hidden elements of classes -- the vtable (i.e. virtual functions),
 interfaces, and the monitor object (i.e. try using synchronized) to
 ensure everything is working right.
 
 Note that having data be misaligned may not result in failure, it may
 just result in slower execution.

Related to that and if I remember correctly, in older hardware accessing an int through an odd address value used to be a failure. I think it was rejected by the CPU. Doesn't seem to be the case on my current system. No complaints: import std.stdio; import std.conv; void main() { enum offset = 1; ubyte[int.sizeof + offset] chunk; int * p = cast(int*)(chunk.ptr + offset); *p = 0x12345678; foreach (b; chunk) { writef("%02x ", b); } writeln(); assert(*p == 0x12345678); } The output: 00 78 56 34 12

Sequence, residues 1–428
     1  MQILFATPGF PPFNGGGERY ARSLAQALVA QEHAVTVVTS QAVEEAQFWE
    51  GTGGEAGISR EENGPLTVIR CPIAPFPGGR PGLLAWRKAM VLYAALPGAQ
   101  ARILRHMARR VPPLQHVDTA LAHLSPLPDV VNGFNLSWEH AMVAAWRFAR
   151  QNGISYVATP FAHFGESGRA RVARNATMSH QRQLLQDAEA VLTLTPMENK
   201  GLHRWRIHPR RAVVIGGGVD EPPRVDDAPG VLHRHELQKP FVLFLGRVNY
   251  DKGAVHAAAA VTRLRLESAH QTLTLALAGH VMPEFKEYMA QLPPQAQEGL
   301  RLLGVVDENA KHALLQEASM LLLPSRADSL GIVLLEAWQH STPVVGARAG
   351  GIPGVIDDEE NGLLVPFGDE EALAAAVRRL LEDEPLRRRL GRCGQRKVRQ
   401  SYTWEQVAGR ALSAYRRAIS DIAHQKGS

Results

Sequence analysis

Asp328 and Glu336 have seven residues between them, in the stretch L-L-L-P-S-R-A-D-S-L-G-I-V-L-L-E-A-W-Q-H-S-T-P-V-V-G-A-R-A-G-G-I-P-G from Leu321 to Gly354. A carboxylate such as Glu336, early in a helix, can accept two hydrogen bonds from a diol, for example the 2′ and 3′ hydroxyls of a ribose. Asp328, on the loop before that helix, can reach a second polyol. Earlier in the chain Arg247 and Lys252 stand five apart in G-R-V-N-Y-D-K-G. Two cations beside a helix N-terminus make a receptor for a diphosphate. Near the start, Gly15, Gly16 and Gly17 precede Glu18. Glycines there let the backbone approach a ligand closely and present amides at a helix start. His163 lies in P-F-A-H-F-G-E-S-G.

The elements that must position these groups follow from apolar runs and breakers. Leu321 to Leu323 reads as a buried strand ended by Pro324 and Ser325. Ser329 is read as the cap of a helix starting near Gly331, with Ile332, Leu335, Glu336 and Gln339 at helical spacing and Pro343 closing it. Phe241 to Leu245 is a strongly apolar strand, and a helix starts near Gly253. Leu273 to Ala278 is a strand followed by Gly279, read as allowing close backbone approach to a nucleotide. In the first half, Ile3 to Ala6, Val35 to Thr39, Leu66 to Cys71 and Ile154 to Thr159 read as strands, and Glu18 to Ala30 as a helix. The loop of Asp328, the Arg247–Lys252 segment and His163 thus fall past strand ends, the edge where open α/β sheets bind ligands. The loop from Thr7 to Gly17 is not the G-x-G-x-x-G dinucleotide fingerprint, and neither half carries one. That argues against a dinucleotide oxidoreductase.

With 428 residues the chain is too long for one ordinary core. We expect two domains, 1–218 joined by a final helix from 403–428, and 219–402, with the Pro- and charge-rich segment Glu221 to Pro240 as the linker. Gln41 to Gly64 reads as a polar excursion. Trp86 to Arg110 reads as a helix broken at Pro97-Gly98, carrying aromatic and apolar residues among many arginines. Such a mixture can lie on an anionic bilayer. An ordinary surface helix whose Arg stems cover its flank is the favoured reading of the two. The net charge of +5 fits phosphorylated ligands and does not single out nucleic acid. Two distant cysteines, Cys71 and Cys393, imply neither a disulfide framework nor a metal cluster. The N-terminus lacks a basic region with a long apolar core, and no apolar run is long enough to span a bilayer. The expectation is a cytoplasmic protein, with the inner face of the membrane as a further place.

Also note that you must manually destroy these classes via clear -- the
 GC only destroys the block, and assumes one class instance per block. 
 And in fact, you are not setting the finalize flag on the block on
 creation, so it wouldn't call any destructors.
 
 -Steve

Thank you very much for all the heads up. Luckily we don't need to deal with these issues in daily programming. Ali
Jun 29 2011